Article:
Fyre. Septimus Heap Book 7 by Angie Sage. Narrated by Gerard Doyle.
This is the last book in the long-running Septimus Heap series. I’d read the first few books in the series back in 2007, when they were still relatively new, and then started again at the beginning with my son when he was six. He’s now almost nine, and it’s been two years since the previous book, so that it took both of us some time to work our way back into the story and remember all of the many characters.
Our three main characters here are Septimus Heap, Apprentice to the Extraordinary Wizard, Jenna, the Princess, and Beetle, now the Chief Hermetic Scribe. It’s a little odd from an adult standpoint to have three fifteen-year-olds running or almost running the whole castle, but satisfying on a narrative level. All of them have matured a lot since we first met them, and it’s satisfying to see them doing well.
As our story opens, the Extraordinary Wizard, Marcia Overstrand, is working with Marcellus Pye, the last surviving Alchemist (due only to time travel) to rebuild the great Alchemical Fyre that was put out in Marcellus’s own time several hundred years earlier, so that they can use it to destroy the evil Two-Faced Ring. This is very hard for Marcia, as all Extraordinaries must swear to prevent any resurgence of Alchemy. However, she consents to Septimus having a month-long Alchemy apprenticeship so that he can help Marcellus with the Fyre. Meanwhile, Jenna is getting close enough to her coronation that it’s finally legal for her to meet the ghost of her mother. But two strong-willed women getting to know each other for the first time is pretty much guaranteed not to go smoothly.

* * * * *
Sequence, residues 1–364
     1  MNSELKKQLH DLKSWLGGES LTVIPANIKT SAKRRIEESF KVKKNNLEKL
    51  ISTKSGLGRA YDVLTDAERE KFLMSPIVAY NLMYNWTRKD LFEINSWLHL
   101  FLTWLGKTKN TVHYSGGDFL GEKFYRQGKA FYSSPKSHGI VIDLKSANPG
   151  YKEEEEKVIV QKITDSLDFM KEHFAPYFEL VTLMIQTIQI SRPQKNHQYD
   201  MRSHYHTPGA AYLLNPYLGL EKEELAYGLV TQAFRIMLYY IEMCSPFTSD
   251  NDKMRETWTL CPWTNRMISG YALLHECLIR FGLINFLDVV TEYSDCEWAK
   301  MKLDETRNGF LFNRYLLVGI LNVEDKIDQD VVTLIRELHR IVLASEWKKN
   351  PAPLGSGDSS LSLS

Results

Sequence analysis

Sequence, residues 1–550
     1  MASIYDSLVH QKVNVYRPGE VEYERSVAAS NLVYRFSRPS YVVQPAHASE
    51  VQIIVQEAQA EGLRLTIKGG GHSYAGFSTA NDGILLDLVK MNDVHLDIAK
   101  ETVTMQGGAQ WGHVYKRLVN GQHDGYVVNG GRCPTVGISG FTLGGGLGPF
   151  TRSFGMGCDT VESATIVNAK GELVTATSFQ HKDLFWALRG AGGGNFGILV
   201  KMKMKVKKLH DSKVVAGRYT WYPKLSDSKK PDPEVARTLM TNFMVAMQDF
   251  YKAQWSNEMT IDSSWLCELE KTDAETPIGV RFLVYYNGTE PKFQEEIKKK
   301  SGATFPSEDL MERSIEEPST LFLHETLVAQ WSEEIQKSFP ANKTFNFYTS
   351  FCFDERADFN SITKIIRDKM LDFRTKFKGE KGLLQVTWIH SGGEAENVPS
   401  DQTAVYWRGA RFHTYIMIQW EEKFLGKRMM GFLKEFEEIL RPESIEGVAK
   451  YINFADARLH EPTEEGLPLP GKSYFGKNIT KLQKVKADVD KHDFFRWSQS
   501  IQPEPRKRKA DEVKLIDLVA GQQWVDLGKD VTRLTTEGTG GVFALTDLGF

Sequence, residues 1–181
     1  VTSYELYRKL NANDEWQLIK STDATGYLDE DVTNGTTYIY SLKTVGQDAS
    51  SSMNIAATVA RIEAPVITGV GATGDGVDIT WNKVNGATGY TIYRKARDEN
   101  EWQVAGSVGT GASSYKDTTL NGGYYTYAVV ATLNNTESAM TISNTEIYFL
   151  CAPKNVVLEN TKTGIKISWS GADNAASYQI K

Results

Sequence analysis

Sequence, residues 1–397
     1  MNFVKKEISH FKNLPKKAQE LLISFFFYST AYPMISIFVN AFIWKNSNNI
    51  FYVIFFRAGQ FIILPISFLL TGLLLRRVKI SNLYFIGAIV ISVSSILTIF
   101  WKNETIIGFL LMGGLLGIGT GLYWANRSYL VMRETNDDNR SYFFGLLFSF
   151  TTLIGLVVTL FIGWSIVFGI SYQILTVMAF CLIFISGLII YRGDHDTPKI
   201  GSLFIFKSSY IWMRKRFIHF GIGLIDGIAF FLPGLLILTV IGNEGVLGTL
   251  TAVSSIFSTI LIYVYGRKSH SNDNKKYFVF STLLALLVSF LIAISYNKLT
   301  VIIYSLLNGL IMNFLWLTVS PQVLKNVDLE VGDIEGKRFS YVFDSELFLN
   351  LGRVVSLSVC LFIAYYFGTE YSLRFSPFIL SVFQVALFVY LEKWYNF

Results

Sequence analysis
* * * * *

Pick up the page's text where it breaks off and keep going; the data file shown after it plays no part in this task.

The book is long – over 700 pages in print or 13 discs – and the plot rambles on, always with something exciting going on, but never in a straight trajectory. Funny alternates with serious. There’s room for each favorite character to take a turn getting into trouble or saving the day or figuring out where his or her life should go next. Nearly every character is well rounded, both good and bad guys shown with a mix of sympathetic and annoying traits. The Marcia Overstrand has trouble showing warmth and wears those annoying Pointy Purple Python Shoes, but she still loves Septimus and really knows what she’s doing as the Extraordinary Wizard, for example. The world of the Castle is vividly drawn, too, making this whole series excellent especially for people who read for character
Now, as I’m writing about it, I’m trying to decide if it did that masterful job of tying up all the loose ends with a spectacular finish, the way a good series should end. I’m not really sure. But my boy and I listened eagerly to it, and he now wants to start over again at the beginning, at least as soon as we finish Harry Potter. We’ve enjoyed it very much on audio, but the print books are nicely designed as well – all very fat, but with a nice magical-feeling type face and pencil illustrations.